The Two-Way
11:45 am
Mon January 9, 2012

Just How Much Did Clinton Eat As President?

If you're not a fan of a little White House gossip don't keep reading. But if you like reading about the every-day details a of a presidency, you'll like this bit Washingtonian magazine reports in its current issue.

The magazine said that pastry chef Roland Mesnier, who worked at the White House for 26 years beginning with the Carter administration, said when President Bill Clinton came into the White House in 1993 he had a "scary" appetite. "He could eat five or six pork chops."

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The Two-Way
11:11 am
Mon January 9, 2012

Nigerians Stage Nationwide Strike After President Scraps Fuel Subsidies

A man carries a placard beside a bonfire during Monday's demonstration against soaring petrol prices following government's decision to abolish decades-old fuel subsidies.
Pius Utomi Ekpei AFP/Getty Images

Nigeria's President Goodluck Jonathan is facing a tumultuous backlash over his decision to scrap fuel subsidies. Reporting from Accra in Ghana, NPR's Ofeibea Quist-Arcton reports that major protests and a massive strike are putting pressure on him to reverse course. Nigeria is Africa's largest oil producer.

Ofeibea filed this report for our Newscast unit:

"Nigeria's capital, Abuja, and the commercial capital, Lagos, have come to a virtual standstill with similar reports of thousands joining the demonstrations in other parts of the country.

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Election 2012
11:00 am
Mon January 9, 2012

Demystifying The Role Of Political Independents

Approximately 40 percent of U.S. voters identify as independents, giving them considerable clout with political candidates. Chicago Tribune columnist Clarence Page and George W. Bush campaign strategist Daron Shaw discuss who makes up the independent electorate, and if its influence is sometimes overstated.

Opinion
11:00 am
Mon January 9, 2012

Op-Ed: For Candidates, Private-Public Line Blurry

Politicians often reveal personal stories on the campaign trail. But those revelations often draw criticism from opponents. New York Times columnist Ross Douthat says politicians can and should contest the critiques, but that many have lost the right to complain about them.

National Security
11:00 am
Mon January 9, 2012

Defense Cuts To Reshape U.S. Military Strategy

The Obama administration has laid out billions in cuts to the U.S. military over the next decade. Some say the cuts will weaken the armed forces, while others argue it's time to reconsider the type of military presence the U.S. should maintain. NPR's Tom Bowman describes the proposed cuts and their potential implications for future military operations.

Animals
11:00 am
Mon January 9, 2012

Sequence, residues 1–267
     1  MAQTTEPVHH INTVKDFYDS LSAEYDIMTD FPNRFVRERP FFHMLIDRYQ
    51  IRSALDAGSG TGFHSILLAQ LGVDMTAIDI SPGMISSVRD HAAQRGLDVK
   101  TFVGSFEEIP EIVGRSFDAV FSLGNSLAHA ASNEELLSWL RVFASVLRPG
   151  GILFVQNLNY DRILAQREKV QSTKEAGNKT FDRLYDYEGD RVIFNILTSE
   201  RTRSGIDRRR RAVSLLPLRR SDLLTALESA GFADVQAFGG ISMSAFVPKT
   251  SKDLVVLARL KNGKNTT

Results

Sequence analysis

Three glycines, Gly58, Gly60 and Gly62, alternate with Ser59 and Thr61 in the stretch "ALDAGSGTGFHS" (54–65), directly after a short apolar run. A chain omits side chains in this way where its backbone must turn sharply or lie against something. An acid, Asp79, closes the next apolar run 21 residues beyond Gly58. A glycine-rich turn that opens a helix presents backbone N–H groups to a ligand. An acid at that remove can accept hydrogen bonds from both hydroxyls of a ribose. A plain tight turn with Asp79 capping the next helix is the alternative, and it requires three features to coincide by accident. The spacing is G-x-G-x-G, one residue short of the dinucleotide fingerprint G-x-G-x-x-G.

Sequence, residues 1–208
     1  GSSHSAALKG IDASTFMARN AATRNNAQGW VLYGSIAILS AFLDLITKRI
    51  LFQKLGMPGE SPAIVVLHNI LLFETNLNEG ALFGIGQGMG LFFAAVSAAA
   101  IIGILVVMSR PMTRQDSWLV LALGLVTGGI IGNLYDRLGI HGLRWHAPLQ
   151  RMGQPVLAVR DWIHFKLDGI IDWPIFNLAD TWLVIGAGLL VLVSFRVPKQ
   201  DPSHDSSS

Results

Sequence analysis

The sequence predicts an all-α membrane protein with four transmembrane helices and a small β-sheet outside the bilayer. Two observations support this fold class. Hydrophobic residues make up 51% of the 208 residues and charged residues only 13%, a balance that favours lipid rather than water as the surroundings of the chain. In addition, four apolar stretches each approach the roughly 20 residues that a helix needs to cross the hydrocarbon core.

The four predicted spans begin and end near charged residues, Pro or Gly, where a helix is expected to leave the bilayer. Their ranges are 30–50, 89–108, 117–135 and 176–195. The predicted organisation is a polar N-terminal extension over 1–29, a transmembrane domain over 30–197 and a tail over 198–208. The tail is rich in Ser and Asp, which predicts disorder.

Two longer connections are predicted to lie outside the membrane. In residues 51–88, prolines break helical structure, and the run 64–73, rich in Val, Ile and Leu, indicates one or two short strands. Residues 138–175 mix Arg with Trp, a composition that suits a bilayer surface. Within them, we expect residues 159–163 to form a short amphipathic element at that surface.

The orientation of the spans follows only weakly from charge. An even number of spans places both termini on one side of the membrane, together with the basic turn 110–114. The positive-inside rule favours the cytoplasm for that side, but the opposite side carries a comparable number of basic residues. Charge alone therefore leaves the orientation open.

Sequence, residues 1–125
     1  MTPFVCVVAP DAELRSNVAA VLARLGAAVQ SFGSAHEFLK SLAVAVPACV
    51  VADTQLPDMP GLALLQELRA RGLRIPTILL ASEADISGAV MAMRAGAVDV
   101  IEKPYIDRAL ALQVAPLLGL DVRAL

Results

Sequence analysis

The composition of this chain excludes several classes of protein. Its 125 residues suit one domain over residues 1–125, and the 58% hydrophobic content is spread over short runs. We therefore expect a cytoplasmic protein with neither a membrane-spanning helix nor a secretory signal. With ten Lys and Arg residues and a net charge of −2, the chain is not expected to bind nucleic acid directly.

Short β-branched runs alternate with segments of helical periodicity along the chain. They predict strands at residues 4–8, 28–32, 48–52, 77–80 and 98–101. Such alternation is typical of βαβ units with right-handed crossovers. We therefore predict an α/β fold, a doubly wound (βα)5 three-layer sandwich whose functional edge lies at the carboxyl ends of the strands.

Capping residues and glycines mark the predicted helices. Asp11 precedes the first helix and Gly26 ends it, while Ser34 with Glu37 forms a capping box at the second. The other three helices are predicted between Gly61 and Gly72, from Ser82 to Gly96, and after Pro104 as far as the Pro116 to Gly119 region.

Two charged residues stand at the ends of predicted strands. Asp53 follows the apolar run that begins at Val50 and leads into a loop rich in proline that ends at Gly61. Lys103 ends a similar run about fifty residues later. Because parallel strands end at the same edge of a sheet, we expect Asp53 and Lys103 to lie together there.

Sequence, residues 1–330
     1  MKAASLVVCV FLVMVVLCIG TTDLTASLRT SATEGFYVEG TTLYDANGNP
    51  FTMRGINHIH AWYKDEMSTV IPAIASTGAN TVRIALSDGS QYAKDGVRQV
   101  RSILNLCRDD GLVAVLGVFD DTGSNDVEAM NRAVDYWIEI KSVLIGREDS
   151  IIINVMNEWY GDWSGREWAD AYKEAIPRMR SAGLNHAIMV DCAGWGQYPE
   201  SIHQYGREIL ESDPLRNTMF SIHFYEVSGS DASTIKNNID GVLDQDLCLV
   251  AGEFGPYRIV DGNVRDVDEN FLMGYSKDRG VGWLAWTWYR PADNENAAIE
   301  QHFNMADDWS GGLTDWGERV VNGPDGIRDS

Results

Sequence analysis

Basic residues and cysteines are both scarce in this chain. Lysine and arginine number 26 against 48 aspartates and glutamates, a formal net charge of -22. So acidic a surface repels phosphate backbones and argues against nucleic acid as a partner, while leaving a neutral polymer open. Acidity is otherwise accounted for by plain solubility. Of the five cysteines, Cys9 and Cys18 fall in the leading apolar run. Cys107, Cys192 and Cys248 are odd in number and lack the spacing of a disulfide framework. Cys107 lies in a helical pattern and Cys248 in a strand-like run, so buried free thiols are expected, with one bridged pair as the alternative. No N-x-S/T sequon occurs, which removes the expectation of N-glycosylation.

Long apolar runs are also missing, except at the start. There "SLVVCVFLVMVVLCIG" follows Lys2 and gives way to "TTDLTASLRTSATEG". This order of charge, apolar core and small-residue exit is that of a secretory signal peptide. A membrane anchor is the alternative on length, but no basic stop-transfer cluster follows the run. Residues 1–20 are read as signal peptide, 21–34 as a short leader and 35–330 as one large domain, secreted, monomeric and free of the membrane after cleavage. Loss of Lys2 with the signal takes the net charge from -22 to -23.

FAA Rules May Interrupt Endangered Crane Migration

Operation Migration uses ultralight planes to guide whooping cranes in migration from Wisconsin to their winter home in Florida. But a Federal Aviation Administration investigation has grounded a flock of whooping cranes and an ultralight guiding plane.

It's All Politics
10:35 am
Mon January 9, 2012

Even Before N.H. Primary, Romney Seems To Be Looking Ahead To General Election

Mitt Romney speaks during a Chamber of Commerce breakfast Monday in Nashua, N.H.
Justin Sullivan Getty Images

Originally published on Mon January 9, 2012 11:03 am

On Tuesday night, New Hampshire voters could catapult Mitt Romney securely onto the path of the Republican nomination, or they could undercut the air of inevitability surrounding his campaign.

The former Massachusetts governor is clearly expecting the catapult. One indication? On Monday morning, the candidate changed his rhetoric to reposition himself even more squarely as a general election candidate.

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Ed Ward is the rock-and-roll historian on NPR's Fresh Air with Terry Gross.

A co-author of Rock of Ages: The Rolling Stone History of Rock & Roll, Ward has also contributed to The New York Times, The Wall Street Journal and countless music magazines.

Ward lives in Montpellier, France. He blogs at Ward in France.

The Two-Way
10:12 am
Mon January 9, 2012

In Alaska: Nome Waits For Fuel; Cordova Digs Out From 18-Feet Of Snow

They're running out of places to put the snow in Cordova, Alaska. This photo was taken on Saturday (Jan. 7, 2012).
Erv Petty/Alaska Div. of Homeland Security and Emergency Management AP

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Music Reviews
10:08 am
Mon January 9, 2012

Dore: The Little Studio That Could (Produce Hits)

Phil Spector.
Ace Records

Someday, some genius is going to do a Mad Men-type show about the little record labels of the late 1950s. Yes, I'll happily serve as a consultant.

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